China threat: Australia’s 40 percent defence budget hike a lesson to the UK, says MP

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Meanwhile fellow Tory MP Andrew Rosindell, chairman of the All-Party Parliamentary Group for Australia and New Zealand, has said the announcement underlines Australia’s importance as an ally. Speaking in July, Australia’s Prime Minister Scott Morrison said his country would spend £1.43billion over the next 10 years to acquire longer-range strike capabilities across air, sea and land.

We need to learn from Australia – they are ahead of us

Tobias Ellwood

And with the UK in the midst of a wide-ranging integrated defence review, Mr Ellwood, MP for Bournemouth West, urged the UK Government to take note.

He told “We need to learn from Australia – they are ahead of us.

“They have been upgrading their stance on China.

“They are closer to the impact if China’s authoritarian policies.

“And it is critical that we work together with one of our closest allies.

“Because it is only collectively that we can stand up to the might of China’s technology, growing economy and indeed military machine.”

With specific reference to the review, thought to be spearheaded by Dominic Cummings, Prime Minister Boris Johnson’s chief adviser, Mr Ellwood warned: “Prior to COVID-19, the world was already becoming a more dangerous insecure place, with threats diversifying and resurgent nations flexing their muscles.

“And it is at the exact time that we are distracted by a pandemic that we must be on our guard.

“And if post-Brexit, we are looking to get trading relationships across the world, trade only exists if access to markets is unhindered.

“That needs better collaboration between what our armed forces do and what our prosperity agenda is.

“And that is exactly the sort of homework which needs to be done with this integrated defence review.

“We have signed a trade deal with Japan – but we need to be able to defend the goods that we move backwards and forwards.

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“And likewise if we want to defend markets in the Middle East from China economically pushing us out, then we have to really commit ourselves to regional strategies that bring together our national and economic plans.”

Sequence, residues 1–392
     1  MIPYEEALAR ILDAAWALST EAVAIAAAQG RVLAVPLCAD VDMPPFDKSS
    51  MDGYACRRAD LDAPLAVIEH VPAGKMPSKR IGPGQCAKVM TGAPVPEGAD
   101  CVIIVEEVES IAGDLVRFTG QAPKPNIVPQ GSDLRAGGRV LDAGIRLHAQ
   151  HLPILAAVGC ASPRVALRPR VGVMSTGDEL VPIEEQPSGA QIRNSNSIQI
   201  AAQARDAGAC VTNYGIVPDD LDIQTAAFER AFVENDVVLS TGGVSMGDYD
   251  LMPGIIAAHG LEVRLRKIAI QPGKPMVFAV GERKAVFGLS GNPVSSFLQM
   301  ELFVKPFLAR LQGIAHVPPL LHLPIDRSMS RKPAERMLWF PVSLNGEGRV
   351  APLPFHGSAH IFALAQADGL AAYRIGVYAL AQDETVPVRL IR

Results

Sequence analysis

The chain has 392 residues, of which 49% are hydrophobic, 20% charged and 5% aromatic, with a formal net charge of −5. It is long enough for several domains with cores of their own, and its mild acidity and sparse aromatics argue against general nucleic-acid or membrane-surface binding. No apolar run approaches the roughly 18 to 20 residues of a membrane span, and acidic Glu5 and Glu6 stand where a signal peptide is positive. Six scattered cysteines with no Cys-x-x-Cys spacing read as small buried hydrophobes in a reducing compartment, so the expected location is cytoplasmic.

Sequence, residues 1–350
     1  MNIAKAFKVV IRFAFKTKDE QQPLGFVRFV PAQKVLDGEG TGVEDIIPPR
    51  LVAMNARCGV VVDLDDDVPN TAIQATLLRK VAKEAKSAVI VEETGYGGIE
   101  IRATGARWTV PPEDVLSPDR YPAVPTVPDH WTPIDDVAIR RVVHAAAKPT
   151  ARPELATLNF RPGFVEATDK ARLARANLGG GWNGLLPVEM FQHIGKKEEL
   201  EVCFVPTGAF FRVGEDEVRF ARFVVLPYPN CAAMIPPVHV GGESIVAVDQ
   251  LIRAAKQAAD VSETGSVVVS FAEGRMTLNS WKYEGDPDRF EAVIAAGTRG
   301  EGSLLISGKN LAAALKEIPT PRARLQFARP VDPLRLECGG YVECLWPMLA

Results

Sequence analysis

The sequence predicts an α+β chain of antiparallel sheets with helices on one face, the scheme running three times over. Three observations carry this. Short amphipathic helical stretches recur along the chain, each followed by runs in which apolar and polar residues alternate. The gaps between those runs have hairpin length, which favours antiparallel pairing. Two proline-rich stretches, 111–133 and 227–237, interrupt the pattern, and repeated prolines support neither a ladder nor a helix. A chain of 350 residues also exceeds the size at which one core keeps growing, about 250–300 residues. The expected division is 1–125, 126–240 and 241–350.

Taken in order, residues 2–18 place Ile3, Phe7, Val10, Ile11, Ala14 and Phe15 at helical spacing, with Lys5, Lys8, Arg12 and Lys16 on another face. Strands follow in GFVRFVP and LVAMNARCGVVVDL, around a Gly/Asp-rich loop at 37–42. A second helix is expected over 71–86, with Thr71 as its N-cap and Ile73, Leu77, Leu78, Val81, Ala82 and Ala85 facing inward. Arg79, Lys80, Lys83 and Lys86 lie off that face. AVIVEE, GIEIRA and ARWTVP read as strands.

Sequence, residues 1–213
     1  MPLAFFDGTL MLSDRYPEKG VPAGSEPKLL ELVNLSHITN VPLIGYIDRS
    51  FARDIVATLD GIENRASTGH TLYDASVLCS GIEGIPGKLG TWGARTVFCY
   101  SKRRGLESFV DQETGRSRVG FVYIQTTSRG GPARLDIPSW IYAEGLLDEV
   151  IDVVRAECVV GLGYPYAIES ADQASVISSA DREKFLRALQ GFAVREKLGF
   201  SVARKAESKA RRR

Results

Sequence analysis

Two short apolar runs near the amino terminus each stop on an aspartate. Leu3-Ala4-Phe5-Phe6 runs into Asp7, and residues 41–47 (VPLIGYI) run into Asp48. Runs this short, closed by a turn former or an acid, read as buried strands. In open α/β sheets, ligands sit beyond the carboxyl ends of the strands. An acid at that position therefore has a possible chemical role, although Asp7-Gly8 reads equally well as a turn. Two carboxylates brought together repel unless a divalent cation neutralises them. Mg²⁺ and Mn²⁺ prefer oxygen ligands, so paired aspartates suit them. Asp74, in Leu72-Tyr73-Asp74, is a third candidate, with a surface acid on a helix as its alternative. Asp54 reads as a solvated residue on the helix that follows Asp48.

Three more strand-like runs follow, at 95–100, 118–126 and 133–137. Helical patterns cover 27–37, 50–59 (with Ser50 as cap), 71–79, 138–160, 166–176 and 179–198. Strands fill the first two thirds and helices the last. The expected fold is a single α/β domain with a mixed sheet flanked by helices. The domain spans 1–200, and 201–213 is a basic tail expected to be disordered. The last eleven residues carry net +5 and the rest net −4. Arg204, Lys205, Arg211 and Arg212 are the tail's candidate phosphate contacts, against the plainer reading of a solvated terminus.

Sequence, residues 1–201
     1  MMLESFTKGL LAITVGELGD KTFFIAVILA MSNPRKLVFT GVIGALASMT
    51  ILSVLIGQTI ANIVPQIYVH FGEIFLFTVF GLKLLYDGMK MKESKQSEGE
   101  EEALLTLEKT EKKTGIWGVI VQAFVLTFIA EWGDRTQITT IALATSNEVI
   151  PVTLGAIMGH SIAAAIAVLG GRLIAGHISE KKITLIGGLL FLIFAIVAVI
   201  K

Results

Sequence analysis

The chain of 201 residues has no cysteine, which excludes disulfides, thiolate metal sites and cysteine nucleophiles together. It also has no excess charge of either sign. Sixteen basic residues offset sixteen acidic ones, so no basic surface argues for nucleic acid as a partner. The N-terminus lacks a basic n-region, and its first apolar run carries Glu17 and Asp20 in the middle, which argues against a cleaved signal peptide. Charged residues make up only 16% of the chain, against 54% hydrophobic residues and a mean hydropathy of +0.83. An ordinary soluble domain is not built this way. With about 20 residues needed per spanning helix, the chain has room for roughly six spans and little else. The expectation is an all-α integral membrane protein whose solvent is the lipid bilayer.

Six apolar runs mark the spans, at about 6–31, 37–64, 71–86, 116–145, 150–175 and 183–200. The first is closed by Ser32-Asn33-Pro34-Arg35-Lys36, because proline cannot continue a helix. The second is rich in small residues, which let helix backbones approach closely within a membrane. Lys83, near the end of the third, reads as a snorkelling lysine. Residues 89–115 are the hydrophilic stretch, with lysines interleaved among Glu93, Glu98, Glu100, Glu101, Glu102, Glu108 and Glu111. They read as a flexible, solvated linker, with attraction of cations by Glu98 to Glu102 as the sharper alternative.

Mr Rosindell told “In recent years China has shown itself to be an increasingly malign power, not just in the Indo-Pacific, but in the rest of the world.

“We have watched in horror as China increasingly bullies its neighbours, trashes the liberties of Hong Kong, threatens Taiwan and embarks on a programme of ethnic cleansing in Xinjiang.

“The West is finally waking up to what Australia realised some time ago: that China is behaving like an enemy, not an ally and must be treated accordingly. Australia is on the frontline of this fight.

“The Indo-Pacific is a vital region for British interests with the legacy of Empire and the emergence of the Commonwealth.

“The world needs the region to move towards greater democracy and freedom and only Australian leadership, backed by the United States, United Kingdom and other allies, will deliver this.”

Mr Rosindell added: “Australia’s announcement over the summer that they will increase their defence spending is a reminder of how important Australia is as an ally.

“It shows that in an era of enormous geopolitical challenges, Australia is fighting them head on.

“As the Chairman of the APPG for Australia and New Zealand I am proud of the strong position our Australian friends are taking.

“It gives us all confidence for the future to know that Australia will be at the forefront of efforts to ensure the victory of liberty and freedom over dictatorship and oppression in the Indo-Pacific and elsewhere.”

Explaining the decision in the summer, Mr Morrison said: “We want a Indo-Pacific free from coercion and hegemony. We want a region where all countries, large and small, can engage freely with each other and be guided by international rules and norms.”

The UK’s overall defence budget for 2020/21 is set at £41.3 billion.

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